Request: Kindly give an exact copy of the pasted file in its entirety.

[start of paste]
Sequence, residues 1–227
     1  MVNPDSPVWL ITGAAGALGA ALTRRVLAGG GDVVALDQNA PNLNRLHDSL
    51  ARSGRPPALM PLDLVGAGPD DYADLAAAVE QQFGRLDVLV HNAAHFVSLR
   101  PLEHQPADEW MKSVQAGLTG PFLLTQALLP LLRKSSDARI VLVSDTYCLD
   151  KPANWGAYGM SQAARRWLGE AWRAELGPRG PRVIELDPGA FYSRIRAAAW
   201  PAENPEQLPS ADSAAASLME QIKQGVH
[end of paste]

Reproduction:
Sequence, residues 1–227
     1  MVNPDSPVWL ITGAAGALGA ALTRRVLAGG GDVVALDQNA PNLNRLHDSL
    51  ARSGRPPALM PLDLVGAGPD DYADLAAAVE QQFGRLDVLV HNAAHFVSLR
   101  PLEHQPADEW MKSVQAGLTG PFLLTQALLP LLRKSSDARI VLVSDTYCLD
   151  KPANWGAYGM SQAARRWLGE AWRAELGPRG PRVIELDPGA FYSRIRAAAW
   201  PAENPEQLPS ADSAAASLME QIKQGVH